“The Commodity Futures Trading Commission, which oversees the exchanges, will hold a public meeting April 22 to ‘ensure that the exchanges are functioning properly to discover prices and manage risk.’ Among the topics to be discussed: the impact of higher margin requirements, possible price discrepancies in the wheat and cotton markets as well as the role of new commodity index funds in soaring prices.” (related press release available here).
The Journal writers also pointed out that, “Oil is down 7.7% from its record of $110.33 set last week, closing at $101.84.”
Meanwhile, USDA’s Economic Research Service noted in the March edition of the “Livestock, Dairy, and Poultry Outlook,” (March 19) that, “With table egg production continuing to be lower on a year-over-year basis, wholesale egg prices are forecast at $1.50 to $1.56 per dozen in first-quarter 2008, up over 40 percent from the previous year.”
On page 11, the ERS report stated that, “Lower product prices will result in lower milk prices in 2008. The Class IV price is forecast at $14.95 to $15.65 per cwt, substantially below 2007’s average of $18.36 per cwt. The Class III price is expected to decline to $16.15 to $16.75 per cwt, down from 2007’s $18.04 per cwt average. The all milk price is forecast to average $17.30 to $17.90 per cwt, a drop from $19.13 in 2007.”
Washington Post writer Michael Laris also reported recently that, “In the race between her family’s income and four hungry sons, Norma Jean Young says the boys are beginning to win
“The cost of the five loaves of bread and four gallons of milk that her three teenagers and 11-year-old churn through in a week has increased 11 to 17 percent since early last year. The price of eggs is up even more, jumping 30 percent to their highest point since 1984, according to federal tracking data.”
Later, the Post article stated that, “At the same time, most U.S. farmers, feeling pressure from animal welfare advocates at home and in Europe, have been voluntarily cutting the number of birds kept in a typical 24-inch by 20-inch cage.
“Together, the cutbacks, resulting in 5 million fewer hens nationally, helped bring about today’s spike. Fewer eggs equals higher prices.
“Feed costs are up, too, pushed by overseas demand for grains and corn-hungry ethanol producers. And bills are higher for the fluorescent henhouse lights and fuel.
“But energy costs affect everybody, said Dave Harvey, a USDA poultry and fish farming analyst. ‘Eggs have gone up a lot more than most other things,’ he said. ‘It’s a combination of lower supplies and high export demand — those are the big things right there.’”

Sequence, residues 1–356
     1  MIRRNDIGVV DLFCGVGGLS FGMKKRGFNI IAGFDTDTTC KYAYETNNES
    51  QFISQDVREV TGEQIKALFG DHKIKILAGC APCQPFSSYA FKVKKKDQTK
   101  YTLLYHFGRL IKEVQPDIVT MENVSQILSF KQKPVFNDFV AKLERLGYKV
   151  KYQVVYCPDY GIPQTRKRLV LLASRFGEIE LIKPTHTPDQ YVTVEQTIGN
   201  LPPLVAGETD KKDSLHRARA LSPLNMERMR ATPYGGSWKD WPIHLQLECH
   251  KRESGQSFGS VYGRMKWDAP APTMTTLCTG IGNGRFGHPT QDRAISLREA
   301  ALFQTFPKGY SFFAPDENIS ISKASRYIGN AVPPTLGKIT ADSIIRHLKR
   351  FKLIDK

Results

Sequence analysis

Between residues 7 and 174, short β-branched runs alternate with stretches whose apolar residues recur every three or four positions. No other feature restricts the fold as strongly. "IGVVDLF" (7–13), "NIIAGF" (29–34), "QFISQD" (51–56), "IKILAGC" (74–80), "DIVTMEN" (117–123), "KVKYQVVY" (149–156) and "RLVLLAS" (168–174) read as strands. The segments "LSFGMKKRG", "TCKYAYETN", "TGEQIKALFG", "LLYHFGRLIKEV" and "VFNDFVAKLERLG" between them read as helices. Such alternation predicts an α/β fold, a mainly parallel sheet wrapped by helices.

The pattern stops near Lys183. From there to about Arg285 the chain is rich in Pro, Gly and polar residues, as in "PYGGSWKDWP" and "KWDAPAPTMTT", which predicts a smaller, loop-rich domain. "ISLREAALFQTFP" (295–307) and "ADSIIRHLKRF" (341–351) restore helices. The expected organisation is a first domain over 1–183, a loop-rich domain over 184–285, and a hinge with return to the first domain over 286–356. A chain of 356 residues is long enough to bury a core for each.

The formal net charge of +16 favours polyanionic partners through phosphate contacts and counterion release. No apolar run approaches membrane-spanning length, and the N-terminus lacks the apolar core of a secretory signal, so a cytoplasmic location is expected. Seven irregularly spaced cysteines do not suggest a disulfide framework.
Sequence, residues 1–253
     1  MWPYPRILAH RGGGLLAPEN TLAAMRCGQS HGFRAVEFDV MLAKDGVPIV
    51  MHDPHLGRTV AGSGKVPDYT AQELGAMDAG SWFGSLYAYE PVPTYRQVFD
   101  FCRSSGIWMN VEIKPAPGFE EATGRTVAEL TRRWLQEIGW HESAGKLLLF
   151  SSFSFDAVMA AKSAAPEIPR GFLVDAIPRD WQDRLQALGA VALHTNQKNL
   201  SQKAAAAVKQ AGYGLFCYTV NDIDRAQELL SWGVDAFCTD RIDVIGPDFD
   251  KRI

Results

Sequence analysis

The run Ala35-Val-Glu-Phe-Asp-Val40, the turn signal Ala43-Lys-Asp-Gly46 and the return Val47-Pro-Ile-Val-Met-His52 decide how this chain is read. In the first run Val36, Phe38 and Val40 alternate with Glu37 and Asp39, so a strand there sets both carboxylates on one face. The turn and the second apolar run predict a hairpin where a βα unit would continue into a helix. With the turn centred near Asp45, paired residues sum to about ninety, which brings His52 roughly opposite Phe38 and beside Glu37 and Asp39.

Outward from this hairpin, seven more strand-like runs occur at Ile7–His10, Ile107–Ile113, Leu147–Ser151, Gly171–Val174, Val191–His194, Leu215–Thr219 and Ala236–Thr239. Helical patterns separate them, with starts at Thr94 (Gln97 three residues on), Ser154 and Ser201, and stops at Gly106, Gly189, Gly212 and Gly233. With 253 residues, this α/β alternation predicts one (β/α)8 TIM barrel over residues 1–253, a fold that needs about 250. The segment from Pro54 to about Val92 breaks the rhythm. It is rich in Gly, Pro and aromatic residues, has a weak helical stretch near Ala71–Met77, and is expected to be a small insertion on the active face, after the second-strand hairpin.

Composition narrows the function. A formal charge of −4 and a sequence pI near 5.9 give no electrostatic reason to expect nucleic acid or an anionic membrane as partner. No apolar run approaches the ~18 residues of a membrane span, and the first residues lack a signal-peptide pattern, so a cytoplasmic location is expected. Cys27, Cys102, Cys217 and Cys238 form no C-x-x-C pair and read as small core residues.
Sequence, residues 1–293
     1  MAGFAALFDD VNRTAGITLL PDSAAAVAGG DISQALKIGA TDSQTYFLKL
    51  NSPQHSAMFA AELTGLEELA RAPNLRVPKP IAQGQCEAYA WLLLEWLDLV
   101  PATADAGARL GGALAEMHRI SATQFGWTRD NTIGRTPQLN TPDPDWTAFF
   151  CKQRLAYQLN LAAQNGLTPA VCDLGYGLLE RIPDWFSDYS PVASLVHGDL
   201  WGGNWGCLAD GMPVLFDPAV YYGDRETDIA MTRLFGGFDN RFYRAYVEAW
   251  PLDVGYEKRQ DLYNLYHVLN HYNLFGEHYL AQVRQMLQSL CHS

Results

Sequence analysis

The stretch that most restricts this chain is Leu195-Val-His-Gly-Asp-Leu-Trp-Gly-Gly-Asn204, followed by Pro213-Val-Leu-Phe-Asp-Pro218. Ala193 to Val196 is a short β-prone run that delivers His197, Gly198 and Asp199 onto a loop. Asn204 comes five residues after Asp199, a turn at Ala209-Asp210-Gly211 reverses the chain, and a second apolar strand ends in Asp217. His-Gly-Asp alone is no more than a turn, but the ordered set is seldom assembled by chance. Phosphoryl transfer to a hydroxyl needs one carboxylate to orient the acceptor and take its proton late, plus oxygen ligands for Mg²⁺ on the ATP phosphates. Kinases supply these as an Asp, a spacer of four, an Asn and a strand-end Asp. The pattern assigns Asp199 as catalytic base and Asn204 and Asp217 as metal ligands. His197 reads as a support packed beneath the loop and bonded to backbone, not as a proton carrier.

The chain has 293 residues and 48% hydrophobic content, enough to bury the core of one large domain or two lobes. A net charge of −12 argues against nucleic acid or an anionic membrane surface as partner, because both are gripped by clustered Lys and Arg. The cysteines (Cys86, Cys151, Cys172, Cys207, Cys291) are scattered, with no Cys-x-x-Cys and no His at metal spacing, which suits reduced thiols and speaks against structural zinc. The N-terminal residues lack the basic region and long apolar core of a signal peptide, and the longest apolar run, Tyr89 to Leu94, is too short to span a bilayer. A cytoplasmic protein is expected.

David Irvin reported in yesterday’s Arkansas Democrat Gazette Online that, “The top manager of Springdale-based Tyson Foods Inc. is escalating the battle between food and fuel, calling for the end of federal mandates on corn-based ethanol production.
“Tyson Chief Executive Richard Bond has been joined by other poultry companies also critical of domestic ethanol production, though advocates for the fuel sharply dispute the notion that mandates are causing trouble for the processors.”
Mr. Irvin added that, “In talks with media and analysts, Bond has used words like ‘absurd,’ ‘wrong’ and ‘bad’ to describe the government’s ethanol policies. On Feb. 19, while speaking at the Consumer Analyst Group of New York conference in Boca Raton, Fla., he called ethanol mandates ‘almost criminal.’ Bond’s language seemed to heat up after President Bush signed into law in December a mandate that will increase ethanol use sixfold by 2022. That policy will lead to major food inflation that will affect every household, Bond said.”
More specifically, the article reported that, “‘The more I study this issue, the more I learn about the unintended consequences of our government’s current policy to promote corn-based ethanol,’ Bond wrote in a recent e-mailed response to questions for this article. ‘In addition to higher food prices for consumers, one of the most serious consequences is the impact on efforts to feed the hungry.’ However, other factors such as increased global grain exports, world population growth and high fuel prices play a larger part in the higher cost of corn, ethanol advocates say. By 2015, the ethanol industry is expected to produce about 16 billion gallons, according to the Energy Information Administration, a division of the U. S. Department of Energy.”